I'd advise anyone attempting this poem to have one person manipulate the flannel board pieces and another read the words. It is quite long, and you don't want to lose the rhythm fumbling with the pieces. This is one of the first felt stories I ever made (I think it was the 2nd) and it shows in the execution.

Don't forget to stop by Sharon's blog for this week's Flannel Friday roundup. Previous roundups are here.

My Storytime Philosophy

My philosophy for storytime is summed up by a Hallmark ad (of all things!):

Summer Reading Photo Stand & Other Projects

Meant to share this way sooner! Look at what my husband and I put together:

The front was a color-your-own banner from Oriental Trading which I actually delegated to an art major page and then my husband built the frame. We took it to our county's preschool Fun Fair and it has been sitting in the youth department for summer reading since. 
It's always so much fun for us to build things together. We also redid a $5 garage sale bench. Here's the before (with the rest of our finds from that day--the coat rack also got a makeover):

And then after some sanding and painting ($18 for a gallon of paint---more than enough and we've been redoing some smaller things to match and I believe the fabric was around $12--on sale at JoAnn Fabric):

But now my husband has decided to build some storage underneath it for our entryway, so there will be another after pic someday.

Quick as a Cricket

This week I am sharing Quick as a Cricket by Audrey Wood for Flannel Friday (look for the roundup hosted by Andrea). This is a storytime classic* and a great flannelboard. I will confess to not being the biggest fan of the original artwork. Just not my taste. 

It does have tons of pieces and I didn't have time to dig the bigger flannelboard out of storage (we are getting ready to shut down our youth services department for a makeover soon) so bear with me.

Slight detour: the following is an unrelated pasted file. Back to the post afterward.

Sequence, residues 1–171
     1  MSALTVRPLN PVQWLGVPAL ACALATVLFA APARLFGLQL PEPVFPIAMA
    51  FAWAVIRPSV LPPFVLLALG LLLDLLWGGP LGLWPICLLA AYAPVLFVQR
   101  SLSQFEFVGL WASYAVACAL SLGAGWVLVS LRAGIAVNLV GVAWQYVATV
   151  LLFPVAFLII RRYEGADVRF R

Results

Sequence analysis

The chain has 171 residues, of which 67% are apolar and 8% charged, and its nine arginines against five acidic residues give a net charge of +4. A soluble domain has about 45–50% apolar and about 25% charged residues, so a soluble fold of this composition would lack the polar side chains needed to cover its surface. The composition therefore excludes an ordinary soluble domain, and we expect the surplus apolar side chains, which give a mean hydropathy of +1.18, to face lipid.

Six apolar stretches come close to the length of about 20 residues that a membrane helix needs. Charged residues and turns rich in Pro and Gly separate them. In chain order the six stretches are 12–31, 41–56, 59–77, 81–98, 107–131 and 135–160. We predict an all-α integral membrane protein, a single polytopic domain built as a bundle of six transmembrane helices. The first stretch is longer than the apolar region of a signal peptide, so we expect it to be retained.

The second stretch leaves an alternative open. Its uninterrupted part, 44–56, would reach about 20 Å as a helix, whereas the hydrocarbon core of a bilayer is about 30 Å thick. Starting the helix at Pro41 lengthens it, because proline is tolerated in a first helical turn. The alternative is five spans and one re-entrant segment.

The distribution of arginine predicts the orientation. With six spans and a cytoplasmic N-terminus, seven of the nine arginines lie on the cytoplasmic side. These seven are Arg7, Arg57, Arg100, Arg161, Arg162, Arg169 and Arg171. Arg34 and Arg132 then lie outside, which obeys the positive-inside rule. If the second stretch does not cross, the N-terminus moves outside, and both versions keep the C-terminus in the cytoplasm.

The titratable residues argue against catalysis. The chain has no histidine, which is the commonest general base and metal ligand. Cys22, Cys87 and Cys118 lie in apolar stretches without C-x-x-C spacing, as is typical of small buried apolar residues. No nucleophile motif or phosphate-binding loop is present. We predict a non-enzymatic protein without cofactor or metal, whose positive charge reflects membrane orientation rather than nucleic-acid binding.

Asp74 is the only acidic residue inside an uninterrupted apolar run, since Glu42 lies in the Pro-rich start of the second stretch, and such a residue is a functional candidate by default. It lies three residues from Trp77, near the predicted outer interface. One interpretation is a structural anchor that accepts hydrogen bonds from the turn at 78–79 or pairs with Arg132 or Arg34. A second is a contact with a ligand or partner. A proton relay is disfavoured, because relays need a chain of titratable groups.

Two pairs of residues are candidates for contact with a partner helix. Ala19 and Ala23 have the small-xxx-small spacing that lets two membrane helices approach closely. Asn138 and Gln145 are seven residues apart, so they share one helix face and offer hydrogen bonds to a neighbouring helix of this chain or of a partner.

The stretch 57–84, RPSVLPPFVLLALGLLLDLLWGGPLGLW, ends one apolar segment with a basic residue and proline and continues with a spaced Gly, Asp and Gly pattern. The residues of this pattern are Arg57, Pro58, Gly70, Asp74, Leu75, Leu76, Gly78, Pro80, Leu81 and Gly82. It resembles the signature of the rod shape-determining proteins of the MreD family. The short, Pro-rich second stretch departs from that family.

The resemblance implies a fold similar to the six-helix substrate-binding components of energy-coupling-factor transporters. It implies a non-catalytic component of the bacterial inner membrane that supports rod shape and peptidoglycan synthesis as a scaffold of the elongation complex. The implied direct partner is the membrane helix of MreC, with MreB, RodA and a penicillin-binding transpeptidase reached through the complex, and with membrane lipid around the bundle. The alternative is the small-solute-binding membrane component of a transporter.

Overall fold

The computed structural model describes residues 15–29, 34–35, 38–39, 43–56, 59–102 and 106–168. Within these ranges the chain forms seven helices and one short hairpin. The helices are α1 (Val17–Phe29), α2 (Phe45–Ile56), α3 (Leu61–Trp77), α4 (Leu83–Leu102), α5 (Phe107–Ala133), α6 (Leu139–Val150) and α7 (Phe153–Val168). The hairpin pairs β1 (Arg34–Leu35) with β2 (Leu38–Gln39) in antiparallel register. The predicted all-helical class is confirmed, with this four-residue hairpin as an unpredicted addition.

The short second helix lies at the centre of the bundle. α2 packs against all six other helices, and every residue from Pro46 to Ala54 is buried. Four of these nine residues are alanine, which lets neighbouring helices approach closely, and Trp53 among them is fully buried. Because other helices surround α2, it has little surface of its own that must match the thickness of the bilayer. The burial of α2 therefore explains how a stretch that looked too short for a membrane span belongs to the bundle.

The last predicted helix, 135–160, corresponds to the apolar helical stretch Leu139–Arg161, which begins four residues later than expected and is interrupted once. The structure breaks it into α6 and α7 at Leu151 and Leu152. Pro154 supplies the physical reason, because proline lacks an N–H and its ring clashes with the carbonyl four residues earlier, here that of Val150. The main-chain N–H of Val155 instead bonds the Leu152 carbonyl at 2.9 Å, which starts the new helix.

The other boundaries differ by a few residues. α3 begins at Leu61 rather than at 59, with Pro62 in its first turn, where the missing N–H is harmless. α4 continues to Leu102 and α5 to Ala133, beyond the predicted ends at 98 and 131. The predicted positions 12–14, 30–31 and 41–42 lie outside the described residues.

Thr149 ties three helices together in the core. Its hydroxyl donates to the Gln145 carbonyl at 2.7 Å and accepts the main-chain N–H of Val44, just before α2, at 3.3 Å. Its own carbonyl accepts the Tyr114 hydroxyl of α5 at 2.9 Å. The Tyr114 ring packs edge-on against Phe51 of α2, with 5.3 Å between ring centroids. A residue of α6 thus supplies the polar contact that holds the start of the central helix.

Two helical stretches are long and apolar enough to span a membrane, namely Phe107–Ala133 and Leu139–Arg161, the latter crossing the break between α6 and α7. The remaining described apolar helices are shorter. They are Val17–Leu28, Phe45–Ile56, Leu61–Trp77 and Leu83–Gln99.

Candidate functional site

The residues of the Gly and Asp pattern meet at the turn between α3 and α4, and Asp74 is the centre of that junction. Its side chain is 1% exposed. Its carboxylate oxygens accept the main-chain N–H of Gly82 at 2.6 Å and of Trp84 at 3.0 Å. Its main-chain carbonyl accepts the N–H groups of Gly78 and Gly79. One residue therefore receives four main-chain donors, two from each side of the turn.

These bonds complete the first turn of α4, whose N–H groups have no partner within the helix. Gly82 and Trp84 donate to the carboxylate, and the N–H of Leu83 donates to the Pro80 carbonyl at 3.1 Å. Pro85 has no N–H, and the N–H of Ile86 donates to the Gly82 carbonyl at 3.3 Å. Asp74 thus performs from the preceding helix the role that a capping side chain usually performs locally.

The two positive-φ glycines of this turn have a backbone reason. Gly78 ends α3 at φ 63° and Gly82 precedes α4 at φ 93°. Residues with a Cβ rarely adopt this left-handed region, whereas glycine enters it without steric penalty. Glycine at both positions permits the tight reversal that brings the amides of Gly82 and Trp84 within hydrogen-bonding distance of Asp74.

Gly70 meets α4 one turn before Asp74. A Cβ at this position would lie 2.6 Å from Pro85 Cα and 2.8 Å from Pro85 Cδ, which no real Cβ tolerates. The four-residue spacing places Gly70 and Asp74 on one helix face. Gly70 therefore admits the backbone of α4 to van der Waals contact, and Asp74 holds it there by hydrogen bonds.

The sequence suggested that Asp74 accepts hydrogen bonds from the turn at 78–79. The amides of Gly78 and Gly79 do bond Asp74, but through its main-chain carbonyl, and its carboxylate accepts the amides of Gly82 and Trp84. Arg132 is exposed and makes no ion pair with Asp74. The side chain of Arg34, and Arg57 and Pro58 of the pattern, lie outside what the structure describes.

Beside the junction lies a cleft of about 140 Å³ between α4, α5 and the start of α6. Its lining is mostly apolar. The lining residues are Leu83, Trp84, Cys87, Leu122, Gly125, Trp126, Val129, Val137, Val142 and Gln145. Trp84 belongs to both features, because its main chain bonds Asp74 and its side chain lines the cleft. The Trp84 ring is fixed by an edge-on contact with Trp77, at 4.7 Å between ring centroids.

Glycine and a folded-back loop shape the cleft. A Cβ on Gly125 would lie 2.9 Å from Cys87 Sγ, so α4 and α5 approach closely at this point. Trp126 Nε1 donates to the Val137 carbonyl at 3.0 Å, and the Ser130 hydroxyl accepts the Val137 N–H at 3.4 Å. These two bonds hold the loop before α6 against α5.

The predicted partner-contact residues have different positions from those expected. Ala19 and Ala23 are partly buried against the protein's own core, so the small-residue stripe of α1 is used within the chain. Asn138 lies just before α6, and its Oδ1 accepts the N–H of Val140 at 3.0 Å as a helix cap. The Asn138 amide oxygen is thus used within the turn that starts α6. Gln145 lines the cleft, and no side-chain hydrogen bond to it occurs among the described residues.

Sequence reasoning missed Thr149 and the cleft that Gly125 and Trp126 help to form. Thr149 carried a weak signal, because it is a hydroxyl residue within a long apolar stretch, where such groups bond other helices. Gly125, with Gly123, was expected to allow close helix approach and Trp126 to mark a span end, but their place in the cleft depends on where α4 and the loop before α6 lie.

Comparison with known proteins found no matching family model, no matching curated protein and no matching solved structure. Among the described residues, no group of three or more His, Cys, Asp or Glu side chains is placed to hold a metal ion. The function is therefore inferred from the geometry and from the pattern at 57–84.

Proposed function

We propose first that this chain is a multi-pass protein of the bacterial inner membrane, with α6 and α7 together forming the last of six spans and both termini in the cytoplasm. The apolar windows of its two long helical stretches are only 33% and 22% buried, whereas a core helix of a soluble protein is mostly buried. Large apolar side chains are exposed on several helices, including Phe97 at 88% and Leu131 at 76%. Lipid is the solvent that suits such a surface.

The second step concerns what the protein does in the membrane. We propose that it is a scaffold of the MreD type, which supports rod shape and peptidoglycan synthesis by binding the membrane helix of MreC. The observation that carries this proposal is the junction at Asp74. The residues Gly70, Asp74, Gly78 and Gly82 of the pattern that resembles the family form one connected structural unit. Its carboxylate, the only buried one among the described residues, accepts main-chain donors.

Here they all are together: 

I'm as slow as a ...

I'm as loud as a...

I'm as wild as a ...

 I'm as strong as a ...

I'm as sad as a ...

I'm as happy as a...

My flannelboard pieces were out of 2's Experience: Felt Board Fun by Liz and Dick Wilmes, but I noticed that KizClub has a pattern for this book as well. It doesn't look like they have all the pieces, so you might have to rework the rhyme a bit. 

Another fun and faster way to tell this story would be to print out photos or clip art and clip each image t…

Summer Reading Week 5!

I can't believe it is Week 5 already! This has definitely been an interesting summer (read my other summer reading posts here) and it has never really felt like we fully hit our stride. I hope our numbers wind up being OK, but I know we won't be setting any records this year. And that's just fine.

For me, one of the highlights of the summer has been being able to actually watch the programs. Most of the year I am the one putting everything on myself and the great thing about our SRP is getting to be part of the audience myself. We have had some very cool events hosted by people who aren't me. We have had a juggling workshop, theater performance, and a family performer stop by and they all were smashing. I even got a few ideas for stories and songs that I might try out in storytime.

I have to say I was really impressed with all of our performers' professionalism. In previous years, I have had a staff member with a petting zoo wearing a pro-marijuana Tshirt and had a…

Storytelling "There is a Bird on Your Head"